The Gap logo is on display at a Gap store in Los Angeles, California on April 25, 2023.
Mario Tama | Getty Images
gap reported another quarter of net losses and declining sales across its four brands, but the retailer has persisted in making progress – and has managed to significantly improve its margins.
Here’s how the apparel retailer fared in the fiscal first quarter versus Wall Street expectations, based on a Refinitiv analyst poll:
- Earnings per share: 1 cent adjusted versus an expected loss of 16 cents
- Revenue: $3.28 billion versus $3.29 billion expected
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For the three-month period ended April 29, the company reported a loss of $18 million, or 5 cents a share, compared to a loss of $162 million, or 44 cents a share, in the prior-year period. On an adjusted basis, the company reported earnings of $3 million, or 1 cent per share, for the period.
Revenue fell to $3.28 billion, down 6% from $3.48 billion a year earlier.
The company’s shares are up more than 12% in after-hours trading.
Gap — which also owns eponymous brands Old Navy, Banana Republic, and Athleta — has been without a CEO for nearly a year as the company works to restructure the company, better understand its consumers, and become profitable again.
The company said the work is well underway, but acknowledged it has been a long time coming. Although the solutions are known, these corrections have been delayed or derailed for too long and too often, it said.
Last month, the company told investors it was laying off about 1,800 employees, more than three times the 500 layoffs announced in September, as part of a broader effort to cut costs and streamline operations.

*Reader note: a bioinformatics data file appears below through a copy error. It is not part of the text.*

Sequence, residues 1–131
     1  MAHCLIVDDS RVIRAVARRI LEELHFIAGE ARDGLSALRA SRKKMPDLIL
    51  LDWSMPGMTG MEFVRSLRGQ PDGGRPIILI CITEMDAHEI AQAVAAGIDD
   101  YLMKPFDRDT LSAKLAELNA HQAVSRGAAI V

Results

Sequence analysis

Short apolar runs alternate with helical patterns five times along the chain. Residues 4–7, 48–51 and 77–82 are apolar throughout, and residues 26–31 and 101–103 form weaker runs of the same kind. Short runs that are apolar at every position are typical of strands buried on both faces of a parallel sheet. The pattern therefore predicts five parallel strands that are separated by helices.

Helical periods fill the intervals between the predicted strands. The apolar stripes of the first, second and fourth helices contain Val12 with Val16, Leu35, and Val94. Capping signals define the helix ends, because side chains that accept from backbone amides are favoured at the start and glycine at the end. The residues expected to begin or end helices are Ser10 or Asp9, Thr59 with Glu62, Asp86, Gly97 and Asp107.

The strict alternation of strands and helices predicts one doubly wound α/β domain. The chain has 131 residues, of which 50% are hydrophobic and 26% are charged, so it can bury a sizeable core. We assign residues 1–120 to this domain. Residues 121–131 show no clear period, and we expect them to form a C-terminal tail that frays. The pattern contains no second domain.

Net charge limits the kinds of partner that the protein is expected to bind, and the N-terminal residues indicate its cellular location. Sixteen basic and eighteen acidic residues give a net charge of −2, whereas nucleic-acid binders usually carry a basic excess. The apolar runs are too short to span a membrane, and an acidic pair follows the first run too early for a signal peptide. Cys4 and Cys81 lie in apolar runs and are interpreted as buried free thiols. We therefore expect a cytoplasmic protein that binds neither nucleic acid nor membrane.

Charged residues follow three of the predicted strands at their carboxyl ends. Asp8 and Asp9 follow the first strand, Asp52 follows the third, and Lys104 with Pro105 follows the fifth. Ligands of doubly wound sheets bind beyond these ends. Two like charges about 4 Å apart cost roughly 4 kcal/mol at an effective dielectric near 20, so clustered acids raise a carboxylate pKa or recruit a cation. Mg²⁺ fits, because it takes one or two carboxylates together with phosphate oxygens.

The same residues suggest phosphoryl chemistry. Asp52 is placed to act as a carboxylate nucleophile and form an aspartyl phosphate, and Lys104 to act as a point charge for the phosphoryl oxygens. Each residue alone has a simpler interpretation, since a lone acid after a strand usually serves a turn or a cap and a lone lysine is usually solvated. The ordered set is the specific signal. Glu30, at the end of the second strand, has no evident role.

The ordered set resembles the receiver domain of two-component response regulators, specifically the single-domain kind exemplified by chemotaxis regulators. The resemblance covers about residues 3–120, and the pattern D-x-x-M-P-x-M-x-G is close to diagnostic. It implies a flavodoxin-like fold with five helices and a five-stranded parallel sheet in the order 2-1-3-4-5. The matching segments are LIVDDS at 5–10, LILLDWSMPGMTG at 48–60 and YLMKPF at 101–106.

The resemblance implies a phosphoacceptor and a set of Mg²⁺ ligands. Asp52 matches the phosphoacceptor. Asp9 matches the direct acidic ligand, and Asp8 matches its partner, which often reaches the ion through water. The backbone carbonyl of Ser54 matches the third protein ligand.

Between this year and last, the company has cut 25% of its head office jobs, increasing the number of direct reports per manager from 2 to 4 and reducing management tiers from 12 to 8, the company said.
The cuts will eliminate red tape and bureaucracy, allowing Gap more flexibility in decision-making and focus on its creative endeavors, the company said.
In March, the company also announced a major leadership change. Athleta CEO Mary Beth Laughton left the company and the role of Chief Growth Officer was eliminated. Gap announced that its chief human resources officer, Sheila Peters, will also leave the company, but by the end of the year.
In its most recent quarter, comparable sales declined 3% and store sales declined 4% year-over-year.
Online sales, which accounted for 37% of total net sales, were also down 9% year over year, but the company said this was due to sales trends becoming closer to historical normal after the Covid pandemic became an industry-wide one rise in e-commerce. Digital sales have increased “significantly” to pre-pandemic levels, the company said.
In the year-ago period, many retailers were still grappling with pandemic-related supply chain issues, and Gap faced an oversupply of inventory that it was struggling to sell because it was out of season or out of style.